The German chemist and physicist Robert Wilhelm Bunsen (1811-1899) was one of the great experimental chemists and a pioneer of chemical spectroscopy.
Robert Bunsen was born on March 31, 1811, in the university town of Göttingen. His father was professor of linguistics and librarian at the university. Bunsen completed his advanced education at Göttingen, developing an extensive mastery of mathematics, physics, chemistry, and mineralogy. In later years, when his fame as an experimentalist was worldwide, Bunsen stated that "a chemist who is not a physicist is nothing."
With his strong practical bent and interest in the expanding industrial revolution, Bunsen studied blast furnace operations, the working of steam engines, and the physiochemical processes of the famed porcelain works at Sèvres. In later years his scientific discoveries contributed to the increased efficiency of some of these basic industries.
Bunsen established his reputation through his work in inorganic chemistry and his classical set of experiments in organic chemistry which involved the properties of the cacodyl series of compounds. These organic arsenic bodies were highly dangerous, and his work with them nearly cost Bunsen his life. A useful by-product of this research was his discovery of the antidote for arsenic poisoning.
In 1852 Bunsen succeeded Leopold Gmelin in Heidelberg. There he established his Institute of Chemistry, which soon attracted the most brilliant students from all over the world, including Edward Frankland, the developer of the theory of chemical valency, and Victor Meyer, the pioneer in the chemistry of benzene compounds.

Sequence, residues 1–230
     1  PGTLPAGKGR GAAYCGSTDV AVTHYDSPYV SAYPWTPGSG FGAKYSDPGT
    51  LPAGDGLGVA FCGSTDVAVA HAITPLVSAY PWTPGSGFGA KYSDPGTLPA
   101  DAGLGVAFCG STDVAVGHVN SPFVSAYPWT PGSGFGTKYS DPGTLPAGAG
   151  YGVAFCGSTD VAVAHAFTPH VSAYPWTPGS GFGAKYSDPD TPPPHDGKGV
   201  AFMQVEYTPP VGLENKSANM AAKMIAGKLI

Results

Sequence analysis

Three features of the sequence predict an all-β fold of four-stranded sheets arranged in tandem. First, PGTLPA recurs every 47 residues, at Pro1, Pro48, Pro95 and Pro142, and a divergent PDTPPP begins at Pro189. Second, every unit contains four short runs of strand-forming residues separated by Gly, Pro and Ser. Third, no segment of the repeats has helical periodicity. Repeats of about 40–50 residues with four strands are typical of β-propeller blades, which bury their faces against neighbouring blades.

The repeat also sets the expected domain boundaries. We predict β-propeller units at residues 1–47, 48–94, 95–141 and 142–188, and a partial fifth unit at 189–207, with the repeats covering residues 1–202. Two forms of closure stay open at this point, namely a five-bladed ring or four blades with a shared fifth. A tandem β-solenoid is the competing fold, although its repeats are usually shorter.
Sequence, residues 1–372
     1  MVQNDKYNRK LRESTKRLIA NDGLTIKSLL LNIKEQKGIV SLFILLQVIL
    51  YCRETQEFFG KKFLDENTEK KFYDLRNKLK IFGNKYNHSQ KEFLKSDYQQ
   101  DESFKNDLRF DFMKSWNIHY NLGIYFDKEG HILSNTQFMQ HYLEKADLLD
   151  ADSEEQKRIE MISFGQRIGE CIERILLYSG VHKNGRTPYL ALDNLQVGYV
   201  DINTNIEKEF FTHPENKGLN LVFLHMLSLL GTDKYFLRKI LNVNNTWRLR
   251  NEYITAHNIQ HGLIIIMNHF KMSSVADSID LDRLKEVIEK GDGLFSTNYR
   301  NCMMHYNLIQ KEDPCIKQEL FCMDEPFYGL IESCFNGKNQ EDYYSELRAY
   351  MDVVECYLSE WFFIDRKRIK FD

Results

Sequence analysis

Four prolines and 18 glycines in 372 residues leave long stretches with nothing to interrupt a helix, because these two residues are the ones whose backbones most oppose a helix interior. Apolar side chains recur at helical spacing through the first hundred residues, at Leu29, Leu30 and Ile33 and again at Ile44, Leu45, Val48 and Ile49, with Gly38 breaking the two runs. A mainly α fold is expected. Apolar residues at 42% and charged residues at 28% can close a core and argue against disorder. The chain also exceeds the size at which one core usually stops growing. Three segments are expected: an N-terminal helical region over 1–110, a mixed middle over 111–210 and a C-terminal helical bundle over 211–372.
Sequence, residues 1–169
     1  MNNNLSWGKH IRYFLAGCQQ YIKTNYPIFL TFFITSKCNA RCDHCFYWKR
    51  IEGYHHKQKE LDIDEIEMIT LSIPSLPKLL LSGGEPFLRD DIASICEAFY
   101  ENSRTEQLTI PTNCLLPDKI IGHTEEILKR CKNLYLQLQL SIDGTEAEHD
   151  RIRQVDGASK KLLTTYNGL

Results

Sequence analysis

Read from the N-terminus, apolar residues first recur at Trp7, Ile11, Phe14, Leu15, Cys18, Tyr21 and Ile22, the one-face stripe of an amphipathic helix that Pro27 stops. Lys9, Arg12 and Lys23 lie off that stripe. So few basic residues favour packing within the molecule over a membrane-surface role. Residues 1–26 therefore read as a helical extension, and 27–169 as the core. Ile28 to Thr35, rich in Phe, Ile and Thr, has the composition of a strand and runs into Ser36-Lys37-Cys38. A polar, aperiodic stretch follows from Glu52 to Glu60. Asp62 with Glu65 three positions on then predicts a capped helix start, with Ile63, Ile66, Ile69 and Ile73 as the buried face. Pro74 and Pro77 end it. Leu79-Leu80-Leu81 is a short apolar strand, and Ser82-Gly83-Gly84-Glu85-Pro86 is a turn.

A master craftsman, Bunsen developed many of the instruments for analytical chemistry, including the burner which bears his name but which had been used first in a primitive form by Michael Faraday. The ice calorimeter and many devices for gas analysis were the product of Bunsen's personal skill.
Bunsen contributed to the foundations of photochemistry in collaboration with H. E. Roscoe, determining the effect of light on the combining reactions of hydrogen and chlorine. This led Bunsen to the first effort to estimate the radiant energy of the sun.
The most fruitful collaboration of Bunsen was his work with Gustav Kirchhoff, the German physicist. By combining the Bunsen burner with the optical system pioneered by Joseph von Fraunhofer, the two scientists developed the science and art of spectroscopy. Since each chemical element rendered radiant by the heat source emitted a characteristic pattern of lines (spectrum), there had been developed the supreme instrument of chemical analysis. Bunsen and Kirchhoff soon discovered two hitherto-unknown elements, cesium and rubidium.
Further Reading on Robert Wilhelm Bunsen
A good account of Bunsen appears in volume 4 of J. R. Partington, A History of Chemistry (1964). Eduard Farber, ed., Great Chemists (1961), contains a short biographical sketch. Henry M. Leicester and Herbert S. Klickstein, A Source Book in Chemistry, 1400-1900 (1952), includes a description of Bunsen's work.